30-Day Moving Average for Groundwater
With precipitation surpluses in 2022, groundwater levels have generally remained in the "normal" range throughout 2022. While not reflected in the graph above for Well 10, groundwater levels in some areas of the County have dipped below the normal range in the summer and fall of 2022; monthly recorded water levels for other wells in the County is available on the CCWRA Observation Well Network web page.
One of the wells monitored by the U.S. Geological Survey is located in central Chester County (West Marlborough Township). The USGS plots the 30-day moving average of the water level compared to normal and drought indicators. When the black line is in the green band, groundwater levels at that location are "normal" or between 25% above and 25% below the historic average.
USGS Observation Well Network in Chester County
There are 22 observation wells measured by the USGS, with one well outfitted with a data logger to monitor the water level hourly and the other 21 wells measured once per month.
The well with hourly data is Well CH 10 (link to USGS web page)
Wells Measured Monthly around the 20th of each month
(Most Recent Published Information)
Chester County has over 2,300 miles of streams across 21 watersheds. Water flowing in these streams originates from the precipitation that falls upon the landscape, which makes its way to streams either from overland runoff (after rainfall events) or from groundwater contributing to the streams‘ base flow (between rainfall events). Water quality is closely linked to stream flow; higher flows from storm runoff can result in increased instream sediment loads (by generating greater streambank erosion and bed scour) and other pollutants. When the stream flows are not a result of storm runoff, the water quality in the stream is more representative of groundwater conditions, as groundwater infiltration replenishes baseflows in our streams.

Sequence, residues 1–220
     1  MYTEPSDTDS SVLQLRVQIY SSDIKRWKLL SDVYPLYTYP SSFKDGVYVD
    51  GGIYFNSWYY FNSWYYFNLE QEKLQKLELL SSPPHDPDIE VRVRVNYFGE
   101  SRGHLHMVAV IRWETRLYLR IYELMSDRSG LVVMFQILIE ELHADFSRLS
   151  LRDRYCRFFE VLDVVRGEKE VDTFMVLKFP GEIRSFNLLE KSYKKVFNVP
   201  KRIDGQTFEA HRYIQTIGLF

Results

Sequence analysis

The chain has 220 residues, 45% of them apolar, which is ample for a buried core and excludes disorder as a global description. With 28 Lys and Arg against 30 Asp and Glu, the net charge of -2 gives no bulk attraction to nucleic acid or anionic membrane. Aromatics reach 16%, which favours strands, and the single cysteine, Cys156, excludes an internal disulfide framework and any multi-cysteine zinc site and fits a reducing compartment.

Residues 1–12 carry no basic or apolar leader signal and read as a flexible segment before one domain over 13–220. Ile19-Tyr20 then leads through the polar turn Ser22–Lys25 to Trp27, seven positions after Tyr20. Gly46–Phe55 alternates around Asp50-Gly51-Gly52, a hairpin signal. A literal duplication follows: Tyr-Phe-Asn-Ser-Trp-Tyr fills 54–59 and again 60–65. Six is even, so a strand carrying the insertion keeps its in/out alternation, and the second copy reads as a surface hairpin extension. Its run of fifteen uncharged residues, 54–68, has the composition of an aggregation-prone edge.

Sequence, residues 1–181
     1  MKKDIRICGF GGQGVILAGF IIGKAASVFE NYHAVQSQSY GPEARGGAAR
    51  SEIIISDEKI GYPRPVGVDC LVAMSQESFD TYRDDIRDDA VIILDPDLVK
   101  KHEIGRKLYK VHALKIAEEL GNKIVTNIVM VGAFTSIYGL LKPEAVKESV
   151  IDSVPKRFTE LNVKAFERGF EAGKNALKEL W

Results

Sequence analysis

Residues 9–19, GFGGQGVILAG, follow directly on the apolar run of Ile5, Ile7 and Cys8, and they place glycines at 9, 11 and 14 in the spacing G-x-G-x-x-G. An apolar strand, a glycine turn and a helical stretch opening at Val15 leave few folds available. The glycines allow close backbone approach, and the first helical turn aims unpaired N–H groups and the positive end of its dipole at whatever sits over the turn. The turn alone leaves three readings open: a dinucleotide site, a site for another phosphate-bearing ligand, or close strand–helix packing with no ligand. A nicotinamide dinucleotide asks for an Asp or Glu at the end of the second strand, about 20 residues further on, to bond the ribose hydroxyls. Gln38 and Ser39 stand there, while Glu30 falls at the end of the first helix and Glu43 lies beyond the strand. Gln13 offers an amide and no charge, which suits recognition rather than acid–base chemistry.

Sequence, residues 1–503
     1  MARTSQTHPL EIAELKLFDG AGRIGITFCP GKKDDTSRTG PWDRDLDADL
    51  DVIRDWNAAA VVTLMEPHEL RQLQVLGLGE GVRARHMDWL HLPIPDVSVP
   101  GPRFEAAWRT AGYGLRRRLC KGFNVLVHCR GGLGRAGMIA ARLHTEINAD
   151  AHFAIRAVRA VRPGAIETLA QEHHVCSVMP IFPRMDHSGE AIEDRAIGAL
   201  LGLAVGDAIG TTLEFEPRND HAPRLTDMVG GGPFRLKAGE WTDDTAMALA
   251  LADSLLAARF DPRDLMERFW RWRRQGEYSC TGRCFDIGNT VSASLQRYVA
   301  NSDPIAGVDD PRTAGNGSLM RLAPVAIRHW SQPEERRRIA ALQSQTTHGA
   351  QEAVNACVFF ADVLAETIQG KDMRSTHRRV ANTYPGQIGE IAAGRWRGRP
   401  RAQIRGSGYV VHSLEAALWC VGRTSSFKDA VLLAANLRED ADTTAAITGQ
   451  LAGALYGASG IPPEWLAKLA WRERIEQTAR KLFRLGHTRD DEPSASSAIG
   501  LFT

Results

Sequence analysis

Stream flows are monitored at 32 USGS continuous-record gaging stations in and around Chester County. These stations provide hourly updates, which can be found on the USGS stream flow website for Pennsylvania.
30-Day Moving Average for Stream Flow
Stream flows are a combination of groundwater flowing to streams and runoff from rain events. In 2022, stream flows in Chester County were typically within the 'normal' range (the green band in the above graph). The graph shown above is for the Brandywine Creek at Chadds Ford which is one of the larger creeks in Chester County.
The U.S. Geological Survey plots the 30-day moving average of the water level compared to normal and drought indicators. Sharp increases in the black line are following significant storms that raise the water levels well above normal levels.
7-Day Average Stream Flow
The U.S. Geological Survey provides a map of the status of stream flows across the state compared to historic stream flow levels. Locations that are green are at normal levels, locations in blue are above normal and locations that are orange or red are below normal.
Source: USGS WaterWatch web page
Additional Information & Resources from CCWRA
- Drought Conditions/Hydrology
- Chester County Volunteer Rainfall Observer Network
- Groundwater Observation Network
- USGS Precipitation Monitoring Network
- USGS Streamflow Measurement Network